On the 1964–65 NBC series The Rogues, he shared appearances on a rotating basis with David Niven and Charles Boyer.
Young won the Academy Award for his role as Rocky, the dance marathon emcee and promoter in the 1969 film They Shoot Horses, Don't They?
According to his fourth wife, Elaine Williams, "What he was aching for, as he walked up to collect his Oscar, was a role in his own movie—one that they could finally call 'a Gig Young movie.'
For Young, the Oscar was literally the kiss of death, the end of the line".
Young himself had said to Louella Parsons, after failing to win in 1951, "so many people who have been nominated for an Oscar have had bad luck afterwards."
After a substantial supporting role in Lovers and Other Strangers in 1970, alcoholism began to cost him roles.
He collapsed on the set of the comedy film Blazing Saddles during his first day of shooting due to alcohol withdrawal, and was fired
Young's last role was in the 1978 film Game of Death, released nearly six years after the film's star, Bruce Lee, died during production in 1973.
Young was married five times; his first marriage to Sheila Stapler lasted seven years, ending in 1947.
In 1950, he married Sophie Rosenstein, the resident drama coach at Paramount, who was several years Young's senior.
She was soon diagnosed with cancer, and died just short of two years after the couple's wedding.
After her death, Young was engaged to actress Elaine Stritch.
He met actress Elizabeth Montgomery after she appeared in an episode of Warner Bros. Presents in 1956, and the two married later that year.
In 1963, Montgomery divorced Young because of his alcoholism.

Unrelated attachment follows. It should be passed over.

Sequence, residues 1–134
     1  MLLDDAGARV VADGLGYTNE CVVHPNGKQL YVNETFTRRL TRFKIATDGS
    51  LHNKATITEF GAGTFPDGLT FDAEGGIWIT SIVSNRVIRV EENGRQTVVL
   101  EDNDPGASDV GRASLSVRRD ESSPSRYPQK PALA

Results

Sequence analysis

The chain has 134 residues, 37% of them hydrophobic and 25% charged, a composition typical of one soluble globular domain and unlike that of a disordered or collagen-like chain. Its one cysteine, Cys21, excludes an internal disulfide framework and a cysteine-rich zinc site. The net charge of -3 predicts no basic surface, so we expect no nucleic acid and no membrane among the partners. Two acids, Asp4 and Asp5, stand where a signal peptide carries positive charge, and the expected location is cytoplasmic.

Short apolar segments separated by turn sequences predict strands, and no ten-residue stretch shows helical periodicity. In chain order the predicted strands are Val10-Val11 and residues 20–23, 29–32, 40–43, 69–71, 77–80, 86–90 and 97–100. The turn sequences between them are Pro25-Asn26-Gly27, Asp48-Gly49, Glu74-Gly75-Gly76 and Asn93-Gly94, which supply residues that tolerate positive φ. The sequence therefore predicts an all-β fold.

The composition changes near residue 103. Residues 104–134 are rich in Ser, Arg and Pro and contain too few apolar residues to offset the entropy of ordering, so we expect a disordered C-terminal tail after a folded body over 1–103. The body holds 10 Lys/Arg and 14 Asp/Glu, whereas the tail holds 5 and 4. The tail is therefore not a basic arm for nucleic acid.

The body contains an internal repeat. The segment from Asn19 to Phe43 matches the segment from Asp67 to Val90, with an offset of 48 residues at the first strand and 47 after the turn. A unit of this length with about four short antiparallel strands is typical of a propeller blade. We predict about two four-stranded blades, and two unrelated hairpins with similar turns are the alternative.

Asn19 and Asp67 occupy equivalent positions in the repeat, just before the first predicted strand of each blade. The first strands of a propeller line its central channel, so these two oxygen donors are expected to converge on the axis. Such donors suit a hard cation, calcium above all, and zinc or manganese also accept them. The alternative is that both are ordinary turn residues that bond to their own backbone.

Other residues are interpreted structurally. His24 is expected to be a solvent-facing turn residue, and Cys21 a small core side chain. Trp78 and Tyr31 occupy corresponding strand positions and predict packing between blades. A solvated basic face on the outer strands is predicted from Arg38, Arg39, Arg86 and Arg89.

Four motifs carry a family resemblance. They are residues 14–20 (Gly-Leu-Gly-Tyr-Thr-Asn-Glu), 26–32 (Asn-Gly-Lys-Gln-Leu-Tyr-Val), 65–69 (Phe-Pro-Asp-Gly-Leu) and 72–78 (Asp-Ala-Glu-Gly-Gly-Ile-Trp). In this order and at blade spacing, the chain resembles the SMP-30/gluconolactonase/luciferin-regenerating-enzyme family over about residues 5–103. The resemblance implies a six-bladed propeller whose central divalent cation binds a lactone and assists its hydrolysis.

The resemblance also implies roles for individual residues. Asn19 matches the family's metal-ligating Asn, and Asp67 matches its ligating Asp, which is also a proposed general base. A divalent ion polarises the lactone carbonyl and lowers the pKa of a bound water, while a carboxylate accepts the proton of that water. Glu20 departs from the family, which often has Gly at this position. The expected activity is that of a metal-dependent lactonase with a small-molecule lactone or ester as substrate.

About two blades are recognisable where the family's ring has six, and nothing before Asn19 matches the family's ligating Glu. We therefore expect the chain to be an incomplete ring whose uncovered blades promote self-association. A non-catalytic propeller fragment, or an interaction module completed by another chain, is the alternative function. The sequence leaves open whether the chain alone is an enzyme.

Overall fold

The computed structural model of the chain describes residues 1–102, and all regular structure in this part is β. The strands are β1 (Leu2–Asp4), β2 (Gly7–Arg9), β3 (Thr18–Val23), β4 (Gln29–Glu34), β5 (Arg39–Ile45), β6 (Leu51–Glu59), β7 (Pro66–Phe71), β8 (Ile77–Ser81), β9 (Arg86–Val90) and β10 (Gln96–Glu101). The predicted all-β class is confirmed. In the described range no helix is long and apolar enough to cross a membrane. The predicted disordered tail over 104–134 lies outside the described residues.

Young married his fourth wife, real estate agent Elaine Williams, nine months after his divorce from Montgomery was final.
Williams was pregnant with Young's child at the time and gave birth to his only child, Jennifer, in April 1964.
After three years of marriage, the couple divorced.
During a legal battle over child support with Williams, Young denied that Jennifer was his biological child.
After five years of court battles, Young lost his case.
On September 27, 1978, Young, age 64, married his fifth wife, a 31-year-old German magazine editor named Kim Schmidt.
He met Schmidt in Hong Kong while working on Game of Death.
On October 19, 1978, three weeks after his marriage to Schmidt, the couple was found dead at home in their Manhattan apartment.
Police theorized that Young shot his wife and then turned the gun on himself.
A motive for the murder-suicide was never made clear.
Young was at one time under the care of the psychologist and psychotherapist Eugene Landy, who would later have his professional California medical license revoked amidst accusations of ethical violations and patient misconduct.
Young was buried in the Green Hill Cemetery in Waynesville, North Carolina in his family's plot along with his parents, siblings and an uncle.
Young's will, which covered a $200,000 estate, left his Academy Award to his agent, Martin Baum and Baum's wife, Bernice; however, Young's daughter Jennifer launched a campaign in the early 1990s to get the award back from his agent, and struck an agreement that she would get the award back upon the agent's death, which occurred in 2010.
For his contribution to the television industry, Young has a star on the Hollywood Walk of Fame at 6821 Hollywood Boulevard.